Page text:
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How WWE has established itself as a sports technology pioneer

By Steve McCaskill For 4th March 2022

Technology has transformed WWE and allowed it to maintain its position as the dominant sports entertainment promotion. Chief product and technology officer Rajan Mehta explains the company’s innovation in broadcasting and fan engagement and where it sees the future of sports technology.

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In 2022, it’s strange if a major entertainment group, broadcaster or sporting property either hasn’t launched a direct-to-consumer (DTC) platform or isn’t considering doing so. But back in 2014, WWE Network was seen as a risk.

For decades, the world’s biggest professional wrestling organisation had sold its premium live events like Wrestlemania and SummerSlam on a pay-per-view (PPV) basis via cable and satellite television providers.

It was a successful model that complemented its television deals for many years, but World Wrestling Entertainment (WWE) sensed that consumer habits were changing. It believed that a subscription service that included these live events and a vast array of original, complementary and archive programming would be more profitable in the long term. WWE Network would allow the organisation to control the relationship with the customer, cut out the cable companies, and offer a product that encourages consumers to pay a fee every month rather than just for one or two pay-per-views a year.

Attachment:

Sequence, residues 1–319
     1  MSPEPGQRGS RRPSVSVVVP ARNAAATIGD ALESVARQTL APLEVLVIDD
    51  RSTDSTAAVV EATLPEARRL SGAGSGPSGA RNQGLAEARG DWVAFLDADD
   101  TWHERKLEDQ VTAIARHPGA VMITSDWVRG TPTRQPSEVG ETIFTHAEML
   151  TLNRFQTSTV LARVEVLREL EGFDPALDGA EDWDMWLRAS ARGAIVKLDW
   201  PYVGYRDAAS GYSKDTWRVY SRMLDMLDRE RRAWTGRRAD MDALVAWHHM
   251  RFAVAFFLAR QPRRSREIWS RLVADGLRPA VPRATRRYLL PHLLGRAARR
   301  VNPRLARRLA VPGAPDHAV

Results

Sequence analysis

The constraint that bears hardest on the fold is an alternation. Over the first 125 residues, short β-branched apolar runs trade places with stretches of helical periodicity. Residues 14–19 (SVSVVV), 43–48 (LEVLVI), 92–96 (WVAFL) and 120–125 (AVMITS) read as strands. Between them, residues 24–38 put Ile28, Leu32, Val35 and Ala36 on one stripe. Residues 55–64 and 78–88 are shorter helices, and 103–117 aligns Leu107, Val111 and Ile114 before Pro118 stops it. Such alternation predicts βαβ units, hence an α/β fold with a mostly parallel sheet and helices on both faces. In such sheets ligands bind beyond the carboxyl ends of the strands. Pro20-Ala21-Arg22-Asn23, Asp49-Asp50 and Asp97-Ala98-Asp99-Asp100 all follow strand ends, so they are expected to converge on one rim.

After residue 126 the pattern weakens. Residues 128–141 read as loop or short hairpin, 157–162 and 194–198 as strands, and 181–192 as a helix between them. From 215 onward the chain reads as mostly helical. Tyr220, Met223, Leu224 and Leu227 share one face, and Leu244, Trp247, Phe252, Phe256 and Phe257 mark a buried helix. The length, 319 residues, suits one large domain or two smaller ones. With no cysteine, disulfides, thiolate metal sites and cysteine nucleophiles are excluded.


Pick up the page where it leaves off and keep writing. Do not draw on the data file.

It’s fair to say that a few eyebrows were raised. In the US, the cost of these PPV events was as high as US$50, while WWE Network was less than US$10 a month. Meanwhile, the cable companies offered reliable distribution and a readily available install base, whereas WWE was heavily reliant on the state of broadband connectivity in each market and would have to market its own platform.